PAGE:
On November 30, 1885, the Traverse City State Hospital opened under the direction of Dr. James Decker Munson. During its lifetime, it was known by many different names, including the Northern Michigan Asylum, the Traverse City Regional Psychiatric Hospital, and the Northern Michigan State Hospital, before finally closing in 1989 after 104 years of service to the mentally ill. Sadly, not only were the patients forced to relocate after its closing, but many jobs were lost at what was then one of the largest employers in the city.
The Traverse City State Hospital operated differently from most others of the period, taking on a “beauty is therapy” philosophy: straitjackets were forbidden and creativity was encouraged. The hospital was located on 135 acres of land, providing enough room for a working farm, and patients were given the opportunity to engage in farm work to help them maintain a sense of purpose while hospitalized. The farm was home to a world champion milk cow named Traverse Colantha Walker, who still has a grave and headstone located between the former asylum and farm areas. Many greenhouses were built around the State Hospital to grow plants meant for beautifying the wards where patients lived. A few of the farm’s barns remain, along with a beautiful garden maintained in part by those completing community service.
Recently, the Traverse City State Hospital has undergone extensive renovations in the careful hands of The Minervini Group, and is now known as The Village at Grand Traverse Commons. Many stores and restaurants have made their homes there, including Cuppa Joe and High Five Threads, and farmers markets are held in the long hallways during colder months, drawing great crowds on Saturday mornings. The grounds have great trails for hiking, dog walking, snowshoeing, and many festivals are held there, including the Traverse City Microbrew Festival. Condos are available for purchase, and every time I come across an individual who lives in one, I ask the same question, “Have you ever encountered a ghost?” No one has claimed to have seen one yet, but the thought of living inside an old insane asylum will always be intriguing to me.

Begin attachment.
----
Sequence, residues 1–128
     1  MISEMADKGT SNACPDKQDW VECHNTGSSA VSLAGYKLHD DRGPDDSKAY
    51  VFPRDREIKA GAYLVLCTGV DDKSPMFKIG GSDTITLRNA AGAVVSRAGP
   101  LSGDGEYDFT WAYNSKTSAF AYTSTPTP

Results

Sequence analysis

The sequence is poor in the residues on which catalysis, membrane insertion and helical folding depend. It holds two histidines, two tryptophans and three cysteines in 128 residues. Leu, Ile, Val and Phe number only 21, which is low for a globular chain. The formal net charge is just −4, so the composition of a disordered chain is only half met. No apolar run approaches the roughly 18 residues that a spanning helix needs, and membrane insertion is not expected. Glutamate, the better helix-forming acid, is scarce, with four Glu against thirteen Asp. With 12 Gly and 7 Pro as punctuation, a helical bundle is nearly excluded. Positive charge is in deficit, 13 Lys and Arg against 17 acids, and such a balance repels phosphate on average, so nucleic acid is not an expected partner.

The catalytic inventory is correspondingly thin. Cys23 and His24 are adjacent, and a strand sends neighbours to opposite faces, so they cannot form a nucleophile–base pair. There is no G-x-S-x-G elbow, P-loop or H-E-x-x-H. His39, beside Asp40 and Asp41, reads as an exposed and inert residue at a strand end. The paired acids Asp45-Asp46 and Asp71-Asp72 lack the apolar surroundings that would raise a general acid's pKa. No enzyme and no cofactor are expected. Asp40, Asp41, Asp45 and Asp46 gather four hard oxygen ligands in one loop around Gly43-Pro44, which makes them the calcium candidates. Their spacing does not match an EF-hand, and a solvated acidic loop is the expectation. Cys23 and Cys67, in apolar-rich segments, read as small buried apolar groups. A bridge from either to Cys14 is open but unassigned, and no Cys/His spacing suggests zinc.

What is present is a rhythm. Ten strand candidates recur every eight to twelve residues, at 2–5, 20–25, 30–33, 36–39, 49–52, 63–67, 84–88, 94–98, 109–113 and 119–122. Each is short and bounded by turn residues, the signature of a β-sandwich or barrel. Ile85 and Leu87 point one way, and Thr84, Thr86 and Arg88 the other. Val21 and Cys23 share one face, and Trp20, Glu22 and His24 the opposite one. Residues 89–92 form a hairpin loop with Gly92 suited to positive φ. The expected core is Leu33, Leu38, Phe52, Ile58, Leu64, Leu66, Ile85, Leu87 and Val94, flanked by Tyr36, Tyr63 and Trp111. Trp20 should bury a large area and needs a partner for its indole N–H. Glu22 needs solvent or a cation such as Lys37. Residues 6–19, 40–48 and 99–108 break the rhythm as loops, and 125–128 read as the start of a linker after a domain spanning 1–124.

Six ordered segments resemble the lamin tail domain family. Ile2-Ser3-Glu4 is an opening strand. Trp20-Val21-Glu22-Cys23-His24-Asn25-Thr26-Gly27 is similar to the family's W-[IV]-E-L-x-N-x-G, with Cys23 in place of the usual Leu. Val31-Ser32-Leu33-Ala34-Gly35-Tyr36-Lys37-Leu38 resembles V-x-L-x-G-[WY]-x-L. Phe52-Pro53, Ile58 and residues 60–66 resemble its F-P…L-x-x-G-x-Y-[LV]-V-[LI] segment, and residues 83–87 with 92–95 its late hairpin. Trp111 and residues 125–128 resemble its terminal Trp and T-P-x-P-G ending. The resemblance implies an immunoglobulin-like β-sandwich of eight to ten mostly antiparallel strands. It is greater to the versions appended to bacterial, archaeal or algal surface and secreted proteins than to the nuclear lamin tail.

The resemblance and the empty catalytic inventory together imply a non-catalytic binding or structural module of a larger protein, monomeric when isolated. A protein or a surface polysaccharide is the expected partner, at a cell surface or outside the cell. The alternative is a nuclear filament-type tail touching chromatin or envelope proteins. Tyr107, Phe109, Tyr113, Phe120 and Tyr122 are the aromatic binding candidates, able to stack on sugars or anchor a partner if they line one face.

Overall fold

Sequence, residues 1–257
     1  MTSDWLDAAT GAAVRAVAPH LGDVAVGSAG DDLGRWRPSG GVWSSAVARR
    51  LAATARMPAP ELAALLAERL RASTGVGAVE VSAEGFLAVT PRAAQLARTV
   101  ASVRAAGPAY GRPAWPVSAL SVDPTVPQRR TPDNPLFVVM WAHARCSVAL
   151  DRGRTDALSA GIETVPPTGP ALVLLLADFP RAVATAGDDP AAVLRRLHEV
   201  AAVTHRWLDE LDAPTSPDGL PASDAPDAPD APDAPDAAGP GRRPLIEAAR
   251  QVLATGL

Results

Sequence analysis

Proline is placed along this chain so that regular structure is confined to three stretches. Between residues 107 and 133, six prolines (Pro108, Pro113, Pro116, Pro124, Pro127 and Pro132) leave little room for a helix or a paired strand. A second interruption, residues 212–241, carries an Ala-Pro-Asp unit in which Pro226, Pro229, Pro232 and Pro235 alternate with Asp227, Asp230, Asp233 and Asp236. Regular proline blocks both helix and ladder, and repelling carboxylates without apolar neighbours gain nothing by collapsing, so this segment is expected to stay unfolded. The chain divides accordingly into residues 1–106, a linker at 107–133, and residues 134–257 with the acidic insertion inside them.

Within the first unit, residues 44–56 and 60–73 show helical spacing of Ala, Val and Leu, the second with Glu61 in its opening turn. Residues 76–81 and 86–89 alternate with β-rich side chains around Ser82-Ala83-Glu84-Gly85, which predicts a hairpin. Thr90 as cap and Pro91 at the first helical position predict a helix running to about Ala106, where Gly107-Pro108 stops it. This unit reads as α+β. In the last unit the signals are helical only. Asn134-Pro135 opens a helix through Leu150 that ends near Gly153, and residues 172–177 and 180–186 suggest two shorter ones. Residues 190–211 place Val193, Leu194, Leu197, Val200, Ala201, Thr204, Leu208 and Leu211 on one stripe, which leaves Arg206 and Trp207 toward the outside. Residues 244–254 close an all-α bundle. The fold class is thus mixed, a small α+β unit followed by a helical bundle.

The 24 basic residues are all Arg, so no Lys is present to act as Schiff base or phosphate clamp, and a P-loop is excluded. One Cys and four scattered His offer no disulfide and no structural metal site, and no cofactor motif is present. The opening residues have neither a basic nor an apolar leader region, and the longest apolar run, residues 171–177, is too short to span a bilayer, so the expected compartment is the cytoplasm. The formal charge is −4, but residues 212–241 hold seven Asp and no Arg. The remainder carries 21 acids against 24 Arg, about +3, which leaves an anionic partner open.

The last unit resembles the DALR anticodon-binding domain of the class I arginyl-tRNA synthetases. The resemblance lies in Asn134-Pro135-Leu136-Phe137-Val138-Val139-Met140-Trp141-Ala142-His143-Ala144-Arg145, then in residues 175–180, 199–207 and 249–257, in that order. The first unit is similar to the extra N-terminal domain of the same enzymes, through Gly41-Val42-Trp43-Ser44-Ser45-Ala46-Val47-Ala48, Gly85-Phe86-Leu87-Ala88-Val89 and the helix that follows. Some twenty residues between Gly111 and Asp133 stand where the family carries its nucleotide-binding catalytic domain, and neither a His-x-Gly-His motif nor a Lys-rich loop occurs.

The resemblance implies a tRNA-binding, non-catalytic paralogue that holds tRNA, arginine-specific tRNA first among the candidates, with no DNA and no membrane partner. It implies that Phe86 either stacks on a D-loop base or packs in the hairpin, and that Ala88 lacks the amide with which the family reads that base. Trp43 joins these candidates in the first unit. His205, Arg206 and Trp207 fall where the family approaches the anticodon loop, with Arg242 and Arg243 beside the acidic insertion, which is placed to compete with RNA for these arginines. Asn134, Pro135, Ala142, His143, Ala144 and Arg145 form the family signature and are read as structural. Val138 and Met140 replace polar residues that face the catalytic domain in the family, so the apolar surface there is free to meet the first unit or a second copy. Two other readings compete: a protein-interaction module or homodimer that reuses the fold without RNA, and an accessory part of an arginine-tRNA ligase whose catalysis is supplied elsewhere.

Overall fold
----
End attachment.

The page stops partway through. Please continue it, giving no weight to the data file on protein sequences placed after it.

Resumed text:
Before the renovations took place, it was common for teenagers to hop through a broken window and explore the inside of these formerly abandoned buildings – it was always eerily cold, despite warm summer temperatures outside. I never encountered anything unexpected, but I also never felt comfortable being inside for an extended period of time. Guided tours were offered in some of the sturdier buildings, and although those were conducted in the daylight and with plenty of people present, exploring the old insane asylum was always an chilling experience. Nowadays, the cheery atmosphere makes it easy to forget what was once there, but the renovations still allow for the Traverse City State Hospital’s beauty to show through, and old photographs of asylum days hang throughout the hallways to remind residents and visitors of the former use of the buildings.
Jennifer Hamilton, Feature Writer